Why we should stop feeling guilty about our 'guilty pleasures'

With regional unrest weighing down our mental health, nobody should hide the joy found in disposable media

Dubai Bling is one of the most enduringly popular shows in the UAE, by streaming metrics. Photo: Netflix
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We’ve never been good at being honest with ourselves. What we actually enjoy is rarely what we boast about. Never has that been laid more bare than in the TV streaming era.

In 2017, Netflix dropped its long-running five-star rating system for something much more simple: a thumbs up or a thumbs down.

Todd Yellin, Netflix’s vice president of product at the time, said it was because we tend to overrate things we don’t actually want to watch. We feel very good about ourselves when we put on something demanding, but rarely, if ever, do we actually bring ourselves to do it, the metrics show.

We may rate a documentary about unrest in Ukraine more highly, he said, but we choose to watch the Adam Sandler movie 9 times out of 10.

This has long been the case for me personally. In my university days, I enjoyed a reality show on MTV called Jersey Shore, which became something of a viral sensation due to having a cast of entertaining characters engaging in hilarious and scandalous situations.

It’s not so different to getting into Dubai Bling now, one of the most enduringly popular shows in the UAE, by streaming metrics, or Vanderpump Rules, one of the most popular of the genre in 2024. The problem was this: I couldn’t admit to anyone that I loved Jersey Shore.

As I ingratiated myself around campus socially, I had cultivated something of a cinephile reputation for enjoying older films. I liked how that felt. Suddenly, I had a powerful urge to keep that reputation intact from the lowbrow content I consumed.

What I should have realised is that all of it is part of my personality, the low and the high. I contain multitudes as they say, and most people do too.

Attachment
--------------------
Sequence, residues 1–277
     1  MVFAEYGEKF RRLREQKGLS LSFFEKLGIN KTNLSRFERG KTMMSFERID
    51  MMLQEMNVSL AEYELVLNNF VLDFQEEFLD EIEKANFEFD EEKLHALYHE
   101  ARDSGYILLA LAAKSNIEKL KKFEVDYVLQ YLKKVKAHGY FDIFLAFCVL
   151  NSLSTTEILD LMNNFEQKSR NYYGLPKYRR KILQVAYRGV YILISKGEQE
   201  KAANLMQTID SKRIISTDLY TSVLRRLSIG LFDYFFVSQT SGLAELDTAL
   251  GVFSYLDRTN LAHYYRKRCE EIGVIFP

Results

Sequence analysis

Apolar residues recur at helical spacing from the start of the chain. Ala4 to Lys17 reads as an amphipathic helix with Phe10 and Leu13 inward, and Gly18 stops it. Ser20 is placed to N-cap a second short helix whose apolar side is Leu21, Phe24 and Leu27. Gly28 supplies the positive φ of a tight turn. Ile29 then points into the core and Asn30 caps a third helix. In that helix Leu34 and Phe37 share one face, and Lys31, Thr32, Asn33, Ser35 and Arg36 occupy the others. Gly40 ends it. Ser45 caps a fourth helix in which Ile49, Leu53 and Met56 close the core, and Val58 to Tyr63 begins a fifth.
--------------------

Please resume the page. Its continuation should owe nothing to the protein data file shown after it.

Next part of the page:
And yet, even in 2024, I find myself stuck in the same dichotomy, this time on the popular film rating app Letterboxd.

The site allows you to set up an account, log in the films you’ve watched and review them, but most importantly, encourages the user to choose their four favourite films of all time.

These choices are at the forefront of each person’s account, and for better or worse, represent a person’s personality, taste and level of knowledge and sophistication within the Letterboxd community.

Choosing these four films can be daunting. What are the films that you want to represent you, represent the person you are at this very moment in your life? Maybe I’m placing too much importance on these choices, and maybe these are arbitrary choices for most people.

But then I watch Letterboxd’s own videos, in which they interview celebrities and ask them their four favourites, and I realise that even those in the film industry seemingly have the same problem as mine.

Picking my own favourites has become something I take pride in but also struggle with sometimes. I have become too self-conscious of picking a film that might not represent me well enough. What does it say about me if I pick a film for its sentimental value rather than its artistic merit?

At the end of the day, am I still the same pretentious teenager who’s trying to cultivate a reputation? Why can’t I be honest with myself?

The more I think through my top four, the more I realised that the thought process is rubbish. What a film means to me, whether emotionally or artistically, is valid.

If it does enough to make me feel something towards it, a piece of art has achieved something 99% of all art fails to do. And no one can decide what 1% I actually enjoy but me – and even I have little control over what I’ll actually like.

Especially in a time when regional unrest is weighing down our mental health, no one should feel guilty for finding joy in something, whether ridiculed by critics or otherwise.

Speaking personally, if a piece of art speaks to me, I shouldn’t feel responsible for justifying that to anyone.

The term guilty pleasure is one that gets thrown around a lot, especially with the glut of media we now have to consume. We feel obliged to do a song and dance, to call it a guilty pleasure, to apologise for our pleasure.

We shouldn’t hide these pleasures or feel guilty for enjoying them. They’re part of a big tapestry that make up everything we take in and digest. I think it’s time to drop the guilt and enjoy the things we want to enjoy.

I say, let’s stop dancing. It’s time to be honest with ourselves, and each other.

Updated: January 23, 2024, 9:21 AM